4 in 10 respondents to a recent survey from GE Capital Retail Bank indicated that they would shop more at a retailer if it delivered them offers via mobile. But which types of offers would be most likely to trigger consumer action? That was one question posed by Responsys in a survey of consumers who have subscribed to mobile marketing from brands – of whom 64% claimed to have made a purchase based on having received a highly relevant mobile message.
According to data provided to MarketingCharts by Responsys, pricing-based offers are the most likely to sway the opt-in crowd, with 66% saying they would likely trigger an action. That indicates – once again – that deals have a powerful influence on consumer behavior. (Other research has found, for example, that consumers believe that deals and discounts are the largest influences on their online purchase decisions.)
After pricing-based offers, Responsys finds that consumers believe time-sensitive offers and location-based offers to be the next-most influential, with 52% and 50% of respondents, respectively, saying they’d be likely to act on them. Slightly fewer than half of the respondents said that product-based (47%) and similar product-based (45%) offers would do the trick. Respondents were most luke-warm about “a very general offer intended for the masses” – which would likely influence only 31% of respondents.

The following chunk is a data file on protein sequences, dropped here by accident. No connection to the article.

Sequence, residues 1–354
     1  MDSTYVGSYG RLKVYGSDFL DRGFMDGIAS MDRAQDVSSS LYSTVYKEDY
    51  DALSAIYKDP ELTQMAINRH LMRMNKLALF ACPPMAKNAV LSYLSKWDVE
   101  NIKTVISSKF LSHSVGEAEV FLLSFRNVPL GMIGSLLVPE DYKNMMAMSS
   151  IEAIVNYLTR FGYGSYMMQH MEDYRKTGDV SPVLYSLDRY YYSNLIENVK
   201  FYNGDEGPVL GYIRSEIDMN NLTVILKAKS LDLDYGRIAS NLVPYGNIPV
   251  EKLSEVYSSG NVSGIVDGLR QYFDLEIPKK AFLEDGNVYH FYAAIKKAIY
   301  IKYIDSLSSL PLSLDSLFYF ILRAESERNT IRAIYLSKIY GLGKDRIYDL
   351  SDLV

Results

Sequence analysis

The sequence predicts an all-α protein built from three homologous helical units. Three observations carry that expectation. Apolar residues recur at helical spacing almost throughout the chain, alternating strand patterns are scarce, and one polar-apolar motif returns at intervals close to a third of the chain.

That speaks to the importance of offer relevance – which fails some respondents. Of the 28% of consumers who have subscribed to mobile marketing from brands, 35% say they messages they receive aren’t relevant.
- Consumers are 43% more likely to purchase when “mobile communications are part of an orchestrated marketing experience that unfolds over time across channels.” In other words, consumers respond to a seamless cross-channel experience.
- About half of respondents say that friend and family referrals are an effective trigger to get them to opt-in to mobile communications, with email (46%) the next-most effective.
About the Data: The data is based on a survey of 1,200 US consumers who have opted in to receive mobile marketing from brands.